2011 budget cutsEdit
Kent Police cancelled their last scheduled intake of trainees for the Regular (paid) force in February 2011. They were due to commence their training at the end of March.
Future of Kent PoliceEdit
In a report published by HM Inspectorate of Constabulary in July 2011, the impact on the number of police officers and staff partly due to the reduction to Kent Police's budget following the comprehensive spending review is as follows:
|Police officers||Police staff||PCSOs||Total|
|31 March 2010 (actual)||3,787||2,673||387||6,849|
|31 March 2015 (proposed)||3,274||1,858||364||5,496|
Senior management structureEdit
As of 5 September 2019:
- Police and crime commissioner - Matthew Scott
- Chief Constable - Alan Pughsley QPM
- Deputy Chief Constable - Tony Blaker
- Assistant Chief Constable - Peter Ayling
- Temporary Assistant Chief Constable - Nicola Faulconbridge
- Director of Support Services (Kent Police and Essex Police) - Mark Gilmartin
- Director of Corporate Development - Ian Drysdale
- Director of Communications - Gavin McKinnon
In December 2010, former Deputy Chief Constable Adrian Leppard left Kent Police to take over as Commissioner of The City of London Police, replacing Mike Bowron QPM.
Essex Police and Kent Police set up a joint Serious Crime Directorate (SCD) in 2010, to help share intelligence.
Chief Constables of Kent PoliceEdit
From 1857 to present.
- Captain John Henry Hay Ruxton- 1 April 1857 to August 1894
- Major Henry Edwards- 1894 to 1895
- Lt.Col Henry Warde- 1895 to 1921
- Major Harry Ernest Chapman- January 1921 to 1940
- Captain J A Davison- 1940 to 1942
- Sir Percy Sillitoe- 1943 to 1946
- Major John Ferguson- 1946 to 1958
- Lt. Col Geoffrey White- 1958 to 1962
- Richard Dawnay Lemon- April 1962 to 1974
- Barry Pain- 1974 to 1982
- Frank Jordan- 1982 to 1989
- Paul Condon- 1989 to 1993
- Sir (John) David Phillips QPM - 1993 to 2003
- Robert Ayling- 1 April 2003 to 5 January 2004
- Michael Fuller QPM- 5 January 2004 to 16 February 2010
- Ian Learmonth QPM- 5 July 2010 to 4 January 2014
- Alan Pughsley- 4 January 2014 to present
UK TV show CoppersEdit
The 2010 Channel 4 documentary Coppers highlighted the work of the Kent force in two of its episodes. Episode 1 showed the work of the officers and staff at Medway's custody suite and episode 3 showed the force's call centre at Maidstone and the emergency response officers in Medway BCU.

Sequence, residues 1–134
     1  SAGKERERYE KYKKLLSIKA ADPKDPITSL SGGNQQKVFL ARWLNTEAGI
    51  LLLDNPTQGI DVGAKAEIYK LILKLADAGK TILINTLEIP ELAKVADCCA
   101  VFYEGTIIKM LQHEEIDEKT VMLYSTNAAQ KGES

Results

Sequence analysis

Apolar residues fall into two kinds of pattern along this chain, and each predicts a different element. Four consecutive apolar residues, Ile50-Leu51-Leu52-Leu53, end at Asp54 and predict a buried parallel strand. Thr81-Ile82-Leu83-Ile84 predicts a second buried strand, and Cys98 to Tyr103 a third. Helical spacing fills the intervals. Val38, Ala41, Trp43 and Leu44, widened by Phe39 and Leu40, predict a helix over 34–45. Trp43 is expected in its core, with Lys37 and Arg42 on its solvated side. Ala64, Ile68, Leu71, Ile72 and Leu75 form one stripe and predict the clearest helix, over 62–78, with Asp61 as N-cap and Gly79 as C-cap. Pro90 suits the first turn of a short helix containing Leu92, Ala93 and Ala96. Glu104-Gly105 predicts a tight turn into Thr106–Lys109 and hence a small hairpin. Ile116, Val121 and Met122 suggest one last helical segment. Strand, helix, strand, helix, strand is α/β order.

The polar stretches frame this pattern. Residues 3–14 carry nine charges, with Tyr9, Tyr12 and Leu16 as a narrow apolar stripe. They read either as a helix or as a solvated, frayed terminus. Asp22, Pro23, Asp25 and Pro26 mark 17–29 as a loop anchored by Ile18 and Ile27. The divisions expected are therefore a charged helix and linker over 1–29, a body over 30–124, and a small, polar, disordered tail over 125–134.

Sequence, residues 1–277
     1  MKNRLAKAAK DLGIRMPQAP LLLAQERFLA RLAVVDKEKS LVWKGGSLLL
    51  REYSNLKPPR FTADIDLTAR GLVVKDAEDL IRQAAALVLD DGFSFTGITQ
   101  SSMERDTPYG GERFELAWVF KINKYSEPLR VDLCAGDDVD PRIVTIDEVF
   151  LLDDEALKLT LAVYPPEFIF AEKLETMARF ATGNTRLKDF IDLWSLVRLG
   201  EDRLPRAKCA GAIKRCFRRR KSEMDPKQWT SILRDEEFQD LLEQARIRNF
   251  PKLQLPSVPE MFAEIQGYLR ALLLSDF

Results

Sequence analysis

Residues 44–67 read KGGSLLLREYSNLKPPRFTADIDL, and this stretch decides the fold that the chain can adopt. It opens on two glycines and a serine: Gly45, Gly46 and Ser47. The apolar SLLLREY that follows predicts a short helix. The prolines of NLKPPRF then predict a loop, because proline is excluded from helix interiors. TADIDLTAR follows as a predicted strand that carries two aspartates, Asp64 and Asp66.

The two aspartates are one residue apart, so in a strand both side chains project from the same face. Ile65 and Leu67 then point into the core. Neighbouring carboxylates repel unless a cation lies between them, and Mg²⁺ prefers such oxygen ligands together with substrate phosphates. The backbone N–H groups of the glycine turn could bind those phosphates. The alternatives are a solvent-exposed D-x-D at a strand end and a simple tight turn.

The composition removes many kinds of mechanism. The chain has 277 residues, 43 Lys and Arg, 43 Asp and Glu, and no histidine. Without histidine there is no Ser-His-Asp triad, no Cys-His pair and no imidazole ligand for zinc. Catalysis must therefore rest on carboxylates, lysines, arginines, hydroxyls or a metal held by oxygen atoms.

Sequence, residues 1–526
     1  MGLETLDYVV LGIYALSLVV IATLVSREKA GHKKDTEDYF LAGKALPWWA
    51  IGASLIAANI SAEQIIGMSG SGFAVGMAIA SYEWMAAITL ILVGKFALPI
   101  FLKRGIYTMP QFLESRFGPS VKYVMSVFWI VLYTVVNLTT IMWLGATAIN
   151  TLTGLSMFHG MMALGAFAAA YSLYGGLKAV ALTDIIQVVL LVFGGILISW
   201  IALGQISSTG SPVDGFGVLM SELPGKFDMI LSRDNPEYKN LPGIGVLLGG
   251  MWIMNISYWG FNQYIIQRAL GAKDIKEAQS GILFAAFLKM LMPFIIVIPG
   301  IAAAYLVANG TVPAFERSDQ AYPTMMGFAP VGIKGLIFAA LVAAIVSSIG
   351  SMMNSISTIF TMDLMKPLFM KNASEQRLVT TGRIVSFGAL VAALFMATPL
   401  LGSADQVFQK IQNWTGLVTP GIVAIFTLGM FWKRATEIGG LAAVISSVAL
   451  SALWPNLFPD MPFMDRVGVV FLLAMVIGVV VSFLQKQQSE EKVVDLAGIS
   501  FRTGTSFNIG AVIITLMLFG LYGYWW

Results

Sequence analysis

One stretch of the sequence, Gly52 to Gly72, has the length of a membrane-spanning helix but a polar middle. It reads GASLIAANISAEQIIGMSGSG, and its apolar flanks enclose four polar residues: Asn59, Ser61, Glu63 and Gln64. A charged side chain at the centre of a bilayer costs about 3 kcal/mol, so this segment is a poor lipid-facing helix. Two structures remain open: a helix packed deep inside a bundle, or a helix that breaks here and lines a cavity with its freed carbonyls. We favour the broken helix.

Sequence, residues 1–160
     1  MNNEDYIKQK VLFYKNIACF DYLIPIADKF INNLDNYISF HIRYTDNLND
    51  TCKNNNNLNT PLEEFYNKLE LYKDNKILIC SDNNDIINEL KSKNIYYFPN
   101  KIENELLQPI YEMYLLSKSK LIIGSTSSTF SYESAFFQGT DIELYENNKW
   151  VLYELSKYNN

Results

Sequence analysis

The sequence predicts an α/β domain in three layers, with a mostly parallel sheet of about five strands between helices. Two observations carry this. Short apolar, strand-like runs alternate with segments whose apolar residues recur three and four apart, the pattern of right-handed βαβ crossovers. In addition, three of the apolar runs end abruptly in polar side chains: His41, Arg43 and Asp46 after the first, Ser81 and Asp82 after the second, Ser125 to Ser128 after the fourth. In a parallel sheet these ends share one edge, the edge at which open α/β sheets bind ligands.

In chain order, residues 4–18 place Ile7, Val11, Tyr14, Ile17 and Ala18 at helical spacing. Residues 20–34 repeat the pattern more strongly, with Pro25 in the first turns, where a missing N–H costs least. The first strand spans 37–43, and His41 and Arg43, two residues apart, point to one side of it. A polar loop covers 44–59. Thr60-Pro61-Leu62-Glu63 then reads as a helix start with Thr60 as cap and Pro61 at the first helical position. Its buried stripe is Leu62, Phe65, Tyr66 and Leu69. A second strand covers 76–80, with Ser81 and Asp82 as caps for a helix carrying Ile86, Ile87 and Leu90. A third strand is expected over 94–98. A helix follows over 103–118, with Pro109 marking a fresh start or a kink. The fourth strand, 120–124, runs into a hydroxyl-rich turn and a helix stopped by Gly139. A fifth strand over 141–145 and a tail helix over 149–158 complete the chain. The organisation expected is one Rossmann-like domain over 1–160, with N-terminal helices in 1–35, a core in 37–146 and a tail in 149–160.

The 2010 book Stab Proof Scarecrows  is written by a former police constable who served with both Kent and The City of London Police. It is highly critical of both Kent Police and the situation of policing in general. In 2010 then-Assistant Chief Constable of Kent Police, Allyn Thomas sent a letter to every officer in the force reassuring them that senior officers did not give the book any credibility. 
Historical and notable incidentsEdit
In 2006, Kent Police dealt with the biggest cash robbery in the history of British policing - the Tonbridge Securitas depot robbery. Kent police investigated the theft of £53m, with six men being sentenced to a total of 156 years imprisonment.
In June 2007 Anne Sanderson was shot dead by an armed officer in Sevenoaks, Kent after being seen with what was later identified as a ball bearing gun. It was the first fatal shooting of a woman by UK police in 27 years (and first time ever that the shooting was deliberate). A subsequent IPCC investigation and an inquest jury returned a verdict of lawful killing.
Officers killed in the line of duty or while reporting for dutyEdit
The Police Memorial Trust lists and commemorates all British police officers killed in the line of duty, and since its establishment in 1984 has erected over 38 memorials to some of those officers.
The following members of Kent Police are listed on the Roll of Honour:
- PC Israel May - Died 24 August 1873, aged 37 - Beaten with his own truncheon while attempting to arrest a drunken man.
- PC John Harryman - Died 29 May 1907, aged 29 - Killed by a railway engine while guarding the line for the royal train.
- PC John Truphet Saywell - Died 1 October 1910, aged 35 - Died during an operation on an injury inflicted during a disturbance.
- DS George Henry Apps - Died 7 June 1916, aged 34 - Died of injuries received on duty in 1915 when knocked down by a car.
- PC Charles William Walker - Died 21 July 1924, aged 51 - Died of injuries received on duty when he was knocked down by a cyclist.